The wait is finally over with today’s publication of the revised Greater Manchester Spatial Framework (GMSF), which has seen countless delays since the first draft was published in 2016. The new draft will deliver 201,000 new homes across Greater Manchester (GM), with a greater focus on high density town centre development than Green Belt strategic site allocations.

The rationale behind a town centre strategy is that it is not only easier to address issues of infrastructure and congestion, but you will also see a significant economic boost locally – delivering more employment opportunities and providing a larger customer base for local businesses. As Manchester City Council has found, the uplift in large volumes of residential flats will not only deliver substantial council tax receipts, but also allow local authorities to deliver their services in a more cost-effective manner.

But how did we get here?

During the 2017 GM Mayoral Election Andy Burnham promised a ‘radical rewrite’ of the GMSF to address voters’ concerns about Green Belt releases. He commissioned Salford Mayor Paul Dennett to undertake a review to provide a greater focus on brownfield development and safeguard the Green Belt. Inevitably, this opened up a new round of consultation with local authority leaders and this process was delayed by the 2018 local elections, which saw Cllrs Western and Fielding take over as leaders at Trafford & Oldham councils respectively – both of whom would have wanted to have their say on a revised draft.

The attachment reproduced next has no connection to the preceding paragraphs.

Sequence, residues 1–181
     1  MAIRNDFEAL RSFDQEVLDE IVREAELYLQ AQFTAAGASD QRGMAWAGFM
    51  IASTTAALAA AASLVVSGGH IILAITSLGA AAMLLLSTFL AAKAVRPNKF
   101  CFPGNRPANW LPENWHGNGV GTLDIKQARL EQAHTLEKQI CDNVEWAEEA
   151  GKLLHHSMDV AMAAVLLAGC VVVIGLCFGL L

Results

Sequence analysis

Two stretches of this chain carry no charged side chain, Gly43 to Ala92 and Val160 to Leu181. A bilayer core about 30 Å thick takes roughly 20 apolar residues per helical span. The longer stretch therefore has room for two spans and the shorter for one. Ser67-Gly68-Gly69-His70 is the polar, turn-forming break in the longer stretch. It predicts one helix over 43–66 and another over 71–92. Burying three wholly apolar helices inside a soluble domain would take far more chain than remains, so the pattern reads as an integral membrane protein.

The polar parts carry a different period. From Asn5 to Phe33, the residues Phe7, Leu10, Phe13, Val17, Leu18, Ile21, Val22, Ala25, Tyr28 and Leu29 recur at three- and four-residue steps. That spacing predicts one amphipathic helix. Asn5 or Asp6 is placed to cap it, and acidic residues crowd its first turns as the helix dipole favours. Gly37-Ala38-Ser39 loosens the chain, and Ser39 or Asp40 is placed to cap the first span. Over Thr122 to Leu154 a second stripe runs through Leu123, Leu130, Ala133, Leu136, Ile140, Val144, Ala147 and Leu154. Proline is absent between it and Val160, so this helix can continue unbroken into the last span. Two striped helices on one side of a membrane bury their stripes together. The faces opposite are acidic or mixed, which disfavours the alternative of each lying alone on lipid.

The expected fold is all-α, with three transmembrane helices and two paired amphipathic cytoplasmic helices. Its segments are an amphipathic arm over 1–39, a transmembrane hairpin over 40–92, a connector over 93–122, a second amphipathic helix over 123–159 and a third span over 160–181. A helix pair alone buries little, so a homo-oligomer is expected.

The outcome after this deal-making is that the new draft GMSF cuts the volume of Green Belt releases in half (compared to the 2016 draft). However, a number of new sites have been added to the Green Belt to offset reductions elsewhere. Whilst a number of controversial housing allocations have been reduced in scale to reduce footprint and help the Green Belt figures, they still remain in the revised GMSF.

The new draft also reduces the total housing figure, down from 227,000 to 201,000, with 25% affordable housing being delivered as part of this headline figure. How this reduction can be reconciled with ever growing housing demand (the revised draft references demand alone for local authority housing in excess of 85,000 units) is difficult to see.

A further point to mention on the housing figures is that a number of local authorities such as Bolton, Bury, Oldham; and Trafford have rear-loaded their housing targets across the plan period, with much higher annualised housing targets for the 2024-37 period compared to 2018-23. In part this is due to the delays in bringing forward strategic sites, but it can’t be denied that politically it’s an easier sell for wary backbench councillors to vote through a revised GMSF draft, which defers the perceived housing pain until a later date.

With all that being said, the revised GMSF should be welcomed as it is a step in the right direction which will help facilitate delivery of much needed new housing for GM and accompanying infrastructure.